From the Journal of Clinical Microbiology, 17 July 2013 [Epub ahead of print].
High Coxiella burnetii DNA load in serum during acute Q fever is associated with progression to a serologic profile indicative of chronic Q fever.
Wielders CC, Wijnbergen PC, Renders NH, Schellekens JJ, Schneeberger PM,
Wever PC, Hermans MH.
Department of Medical Microbiology and Infection Control, Jeroen Bosch Hospital, ‘s-Hertogenbosch, the Netherlands.
PCR is very effective in diagnosing acute Q fever at the early stages of infection, when bacterial DNA is present in the bloodstream but antibodies have not yet developed. The objective of this study was to further analyze the diagnostic value of real-time PCR (qPCR) in diagnosing acute Q fever in an outbreak situation.
At the Jeroen Bosch Hospital, in 2009, qPCR for Coxiella burnetii DNA was performed for 2,715 patients suspected of having acute Q fever (positive: n=385; negative: n=2,330). Sensitivity, specificity, positive predictive value (PPV) and negative predictive value (NPV) of the qPCR were calculated for patients with a negative qPCR with a follow-up sample within 14 days (n=305), and qPCR positive patients with at least one follow-up sample (n=369).
The correctness of the qPCR was based on immunofluorescence assay results of samples submitted for qPCR and follow-up. Sensitivity of the Q fever qPCR was 92.2%, specificity 98.9%, PPV 99.2%, and NPV 89.8%.
Patients who later developed a serologic profile indicative of chronic Q fever infection had during the acute phase a significantly higher C. burnetii DNA load than patients who did not (p<0.001). qPCR is a valuable tool in the diagnosis of acute Q fever and should be used in outbreak situations when onset of symptoms is <15 days. Special attention is needed in the follow-up of patients with high C. burnetii DNA loads during the acute phase, as this might be an indicator for the development of a serologic profile indicative of a chronic infection.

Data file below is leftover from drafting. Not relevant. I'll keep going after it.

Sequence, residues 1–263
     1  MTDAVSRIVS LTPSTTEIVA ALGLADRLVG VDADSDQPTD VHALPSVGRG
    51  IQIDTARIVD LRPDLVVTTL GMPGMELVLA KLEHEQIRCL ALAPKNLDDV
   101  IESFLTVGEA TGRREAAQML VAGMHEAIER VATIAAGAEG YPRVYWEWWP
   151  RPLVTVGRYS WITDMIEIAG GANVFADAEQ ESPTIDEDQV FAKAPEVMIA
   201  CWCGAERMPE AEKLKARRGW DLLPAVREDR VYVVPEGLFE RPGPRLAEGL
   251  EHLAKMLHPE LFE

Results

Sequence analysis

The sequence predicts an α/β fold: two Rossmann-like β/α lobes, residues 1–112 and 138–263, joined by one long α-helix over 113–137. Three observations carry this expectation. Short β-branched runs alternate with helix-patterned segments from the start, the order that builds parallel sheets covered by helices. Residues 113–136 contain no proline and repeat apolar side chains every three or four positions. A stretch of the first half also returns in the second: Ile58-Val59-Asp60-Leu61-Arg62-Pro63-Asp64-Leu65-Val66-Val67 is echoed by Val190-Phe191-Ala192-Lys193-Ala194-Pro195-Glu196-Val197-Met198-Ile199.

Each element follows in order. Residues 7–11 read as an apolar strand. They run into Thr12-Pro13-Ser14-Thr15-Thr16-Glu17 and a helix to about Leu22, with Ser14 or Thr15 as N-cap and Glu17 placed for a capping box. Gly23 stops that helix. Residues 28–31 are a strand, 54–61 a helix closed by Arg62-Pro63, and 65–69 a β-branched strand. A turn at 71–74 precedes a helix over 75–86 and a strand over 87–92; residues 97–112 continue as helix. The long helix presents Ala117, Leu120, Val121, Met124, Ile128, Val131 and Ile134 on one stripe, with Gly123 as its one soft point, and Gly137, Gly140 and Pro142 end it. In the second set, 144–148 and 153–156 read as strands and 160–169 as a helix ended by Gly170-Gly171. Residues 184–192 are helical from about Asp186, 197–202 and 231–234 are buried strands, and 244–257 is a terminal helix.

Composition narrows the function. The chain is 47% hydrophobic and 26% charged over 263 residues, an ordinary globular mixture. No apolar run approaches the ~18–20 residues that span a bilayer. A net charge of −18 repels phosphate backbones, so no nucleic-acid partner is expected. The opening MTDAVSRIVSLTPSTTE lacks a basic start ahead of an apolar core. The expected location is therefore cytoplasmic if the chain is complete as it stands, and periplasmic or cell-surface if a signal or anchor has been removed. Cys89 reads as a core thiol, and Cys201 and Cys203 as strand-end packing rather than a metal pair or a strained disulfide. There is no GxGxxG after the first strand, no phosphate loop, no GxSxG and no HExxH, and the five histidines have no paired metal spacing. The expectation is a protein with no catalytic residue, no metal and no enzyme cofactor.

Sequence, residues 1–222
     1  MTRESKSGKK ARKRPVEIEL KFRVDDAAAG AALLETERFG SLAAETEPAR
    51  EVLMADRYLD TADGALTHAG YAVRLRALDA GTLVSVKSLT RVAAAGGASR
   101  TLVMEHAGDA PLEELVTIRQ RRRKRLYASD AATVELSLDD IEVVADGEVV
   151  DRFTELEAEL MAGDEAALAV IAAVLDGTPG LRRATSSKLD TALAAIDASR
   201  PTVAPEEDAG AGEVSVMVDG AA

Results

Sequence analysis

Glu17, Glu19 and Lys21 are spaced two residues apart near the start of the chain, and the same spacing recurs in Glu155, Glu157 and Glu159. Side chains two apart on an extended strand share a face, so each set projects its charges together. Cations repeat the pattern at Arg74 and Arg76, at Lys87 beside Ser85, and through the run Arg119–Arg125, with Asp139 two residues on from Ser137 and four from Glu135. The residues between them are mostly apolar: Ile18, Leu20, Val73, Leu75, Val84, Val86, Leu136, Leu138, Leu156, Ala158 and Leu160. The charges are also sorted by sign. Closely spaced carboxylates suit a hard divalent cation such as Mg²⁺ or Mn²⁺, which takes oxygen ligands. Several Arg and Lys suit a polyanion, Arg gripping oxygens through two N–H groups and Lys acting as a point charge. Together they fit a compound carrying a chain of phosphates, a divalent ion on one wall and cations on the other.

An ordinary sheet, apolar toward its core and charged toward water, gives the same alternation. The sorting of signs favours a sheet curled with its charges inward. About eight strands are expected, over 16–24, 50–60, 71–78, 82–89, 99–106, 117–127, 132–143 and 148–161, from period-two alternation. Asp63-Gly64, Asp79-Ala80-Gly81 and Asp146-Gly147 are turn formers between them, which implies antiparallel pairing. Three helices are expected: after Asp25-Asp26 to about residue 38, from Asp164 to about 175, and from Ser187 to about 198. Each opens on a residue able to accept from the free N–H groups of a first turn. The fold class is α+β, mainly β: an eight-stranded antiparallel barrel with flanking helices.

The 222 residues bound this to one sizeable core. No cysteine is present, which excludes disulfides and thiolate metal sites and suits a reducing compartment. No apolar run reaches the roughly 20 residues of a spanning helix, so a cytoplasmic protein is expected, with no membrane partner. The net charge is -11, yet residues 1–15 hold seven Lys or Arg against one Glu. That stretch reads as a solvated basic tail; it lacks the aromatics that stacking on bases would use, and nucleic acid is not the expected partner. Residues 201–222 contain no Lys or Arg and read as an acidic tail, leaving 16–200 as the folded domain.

From ‘Analyst’,21 August 2013. First published online, 4 April 2013.
A bloodspot-based diagnostic test for fibromyalgia syndrome and related disorders
Kevin V. Hackshaw(a), Luis Rodriguez-Saona(b), Marcal Plans(b), Lauren N. Bell(d) and C.A. Tony Buffington(c,*)
(a) Departments of Internal Medicine, Division of Rheumatology, The Ohio State University, Columbus, USA
(b) Food Science and Technology, The Ohio State University, Columbus, USA
© Veterinary Clinical Sciences, The Ohio State University, 601 Vernon L. Tharp Street, Columbus, USA E-mail: Buffington.firstname.lastname@example.org
(d) Metabolon Inc., 617 Davis Drive, Suite 400, Durham, USA
(*) Corresponding author
The aim of this study was to investigate the ability of a rapid biomarker-based method for diagnosis of fibromyalgia syndrome (FM) using mid-infrared microspectroscopy (IRMS) to differentiate patients with FM from those with osteoarthritis (OA) and rheumatoid arthritis (RA), and to identify molecular species associated with the spectral patterns.
Under IRB approval, blood samples were collected from patients diagnosed with FM (n=14), RA (n=15), or OA (n=12). Samples were prepared, placed onto a highly reflective slide, and spectra were collected using IRMS. Spectra were analyzed using multivariate statistical modeling to differentiate groups.
Aliquots of samples also were subjected to metabolomic analysis. IRMS separated subjects into classes based on spectral information with no misclassifications among FM and RA or OA patients. Interclass distances of 15.4 (FM vs. RA), 14.7 (FM vs. OA) and 2.5 (RA vs. OA) among subjects, demonstrating the ability of IRMS to achieve reliable resolution of unique spectral patterns specific to FM.
Metabolomic analysis revealed that RA and OA groups were metabolically similar, whereas biochemical differences were identified in the FM that were quite distinctive from those found in the other two groups. Both IRMS and metabolomic analysis identified changes in tryptophan catabolism pathway that differentiated patients with FM from those with RA or OA.